You hear from an employee that another department with which your employees must work is causing problems that result in delays and work having to be redone. Employees try to convince you that some equipment that has been installed is not doing the job. You receive rumors that a certain Supervisor has been tippling on the job. You hear, roundabout, that if you promote a certain employee to the supervisory level, there will be a protest from a large group of other employees. It isn’t merely a question of whether your information sources are correct. It might be that certain employees and groups are working to influence you, possibly even with misleading information. The conclusion: your employees may be manipulating you. In some departments, employees are very effective in using misinformation, distorted feedback, and innuendos to get certain results that run counter to the boss’s best interests.
Every manager is vulnerable to this threat. There are ways to discourage manipulation—or at least to make sure you are not encouraging it by your management style.
Don’t get isolated
Asking subordinates questions about problems, chatting with them, holding gripe sessions, giving courteous attention to problems that are brought to you are all ways of letting people know you can and expect to be approached directly. And that you are on top of developments and facts.
Insist on constructive criticism
A subordinate might seem loaded for bear when it comes to shooting down a colleague’s ideas. Your response to such an attitude should be, “I’m much more interested to find what strengths there are in the proposal.” You thereby show that you expect criticism to be fair and constructive.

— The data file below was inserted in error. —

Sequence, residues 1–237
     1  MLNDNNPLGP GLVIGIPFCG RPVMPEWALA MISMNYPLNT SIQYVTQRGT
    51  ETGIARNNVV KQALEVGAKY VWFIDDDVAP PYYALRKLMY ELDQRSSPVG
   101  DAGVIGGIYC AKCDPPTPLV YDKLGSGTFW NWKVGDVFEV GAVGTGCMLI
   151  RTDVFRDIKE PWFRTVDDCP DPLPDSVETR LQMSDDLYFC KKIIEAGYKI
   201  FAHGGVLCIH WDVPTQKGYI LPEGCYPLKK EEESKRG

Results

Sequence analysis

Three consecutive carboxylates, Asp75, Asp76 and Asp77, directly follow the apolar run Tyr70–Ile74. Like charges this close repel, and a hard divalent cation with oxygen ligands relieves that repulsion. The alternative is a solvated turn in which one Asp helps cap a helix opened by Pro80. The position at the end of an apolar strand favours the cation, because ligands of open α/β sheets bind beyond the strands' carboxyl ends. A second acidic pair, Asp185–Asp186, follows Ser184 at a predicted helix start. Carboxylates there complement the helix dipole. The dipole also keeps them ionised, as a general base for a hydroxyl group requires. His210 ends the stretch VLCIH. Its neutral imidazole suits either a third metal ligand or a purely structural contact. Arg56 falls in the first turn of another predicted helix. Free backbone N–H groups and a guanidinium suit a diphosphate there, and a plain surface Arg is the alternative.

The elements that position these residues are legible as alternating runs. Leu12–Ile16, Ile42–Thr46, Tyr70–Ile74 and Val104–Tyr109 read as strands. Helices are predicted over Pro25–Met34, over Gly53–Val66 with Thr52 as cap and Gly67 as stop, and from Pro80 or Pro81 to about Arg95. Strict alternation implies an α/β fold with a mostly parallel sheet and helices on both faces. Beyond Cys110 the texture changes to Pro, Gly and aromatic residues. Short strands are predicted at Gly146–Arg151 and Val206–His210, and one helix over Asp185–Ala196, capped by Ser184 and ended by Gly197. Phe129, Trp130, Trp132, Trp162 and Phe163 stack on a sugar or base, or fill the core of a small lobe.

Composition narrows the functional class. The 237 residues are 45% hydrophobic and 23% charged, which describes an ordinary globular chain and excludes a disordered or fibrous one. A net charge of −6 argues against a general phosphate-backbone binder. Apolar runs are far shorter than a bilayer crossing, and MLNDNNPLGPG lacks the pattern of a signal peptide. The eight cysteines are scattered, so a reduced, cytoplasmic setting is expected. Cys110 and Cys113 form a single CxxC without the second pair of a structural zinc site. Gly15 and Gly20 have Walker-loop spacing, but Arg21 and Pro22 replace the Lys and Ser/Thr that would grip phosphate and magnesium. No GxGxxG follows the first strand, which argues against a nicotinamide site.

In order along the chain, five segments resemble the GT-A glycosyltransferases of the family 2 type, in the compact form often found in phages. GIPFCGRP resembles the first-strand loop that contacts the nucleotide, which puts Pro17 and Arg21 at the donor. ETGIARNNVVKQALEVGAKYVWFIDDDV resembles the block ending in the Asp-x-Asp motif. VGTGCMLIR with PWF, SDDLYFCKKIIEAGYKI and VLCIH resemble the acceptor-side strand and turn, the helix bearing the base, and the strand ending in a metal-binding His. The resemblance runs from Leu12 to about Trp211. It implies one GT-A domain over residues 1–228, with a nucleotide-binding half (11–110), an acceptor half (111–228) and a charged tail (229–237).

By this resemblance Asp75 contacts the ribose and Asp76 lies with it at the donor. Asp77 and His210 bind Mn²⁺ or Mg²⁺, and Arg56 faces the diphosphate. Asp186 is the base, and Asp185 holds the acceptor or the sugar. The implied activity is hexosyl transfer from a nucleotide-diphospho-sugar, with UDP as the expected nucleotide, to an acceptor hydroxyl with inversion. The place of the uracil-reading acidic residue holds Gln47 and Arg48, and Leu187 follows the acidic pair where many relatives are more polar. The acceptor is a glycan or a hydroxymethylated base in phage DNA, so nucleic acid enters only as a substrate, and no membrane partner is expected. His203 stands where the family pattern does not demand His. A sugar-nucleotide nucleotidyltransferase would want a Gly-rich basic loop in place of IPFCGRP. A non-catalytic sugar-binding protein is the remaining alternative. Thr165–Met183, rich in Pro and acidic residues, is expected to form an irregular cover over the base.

Explain the rationale for your decisions
It’s possible that an individual or a group will frequently come up with ideas that you praise and accept. Others may begin to feel that you show favoritism and that there is no honest or open way to win your favor. If you can give logical reasons to explain why you have chosen to accept an idea or a proposal, you may accomplish two things:
(1) You discourage people from believing that you are a creature of bias, and
(2) You show others how to present winning ideas to you.
Avoid predictable patterns
If you always base your decisions on, say, the “bottom line,” you lay yourself wide open to manipulation. For people will then start slanting their recommendations and couching their language in ways they know will please you. Vary your patterns. Don’t give some employees a chance to play on your predictability.
Spread your attentions
Do you frequently seek out one particular supervisor because of his or her ability to quickly grasp or analyze problems? Do you like to talk with another supervisor because he or she thinks as you do? That’s understandable. But consult with others, too.
Emphasize—and reward—openness and honesty
To begin, with, check out the controls you use. For example, are you possibly overburdening subordinates with paperwork requirements? Instead of discussing the excessive load with you, they could start fudging or distorting their reporting figures just to ease the burden. As a result, they may learn that the appearance of activity is more important than the real thing when it comes to scoring points. Make it clear that you reward only honest effort. Then they’ll realize that stature in your eyes comes from doing well in their jobs— not by manipulating you.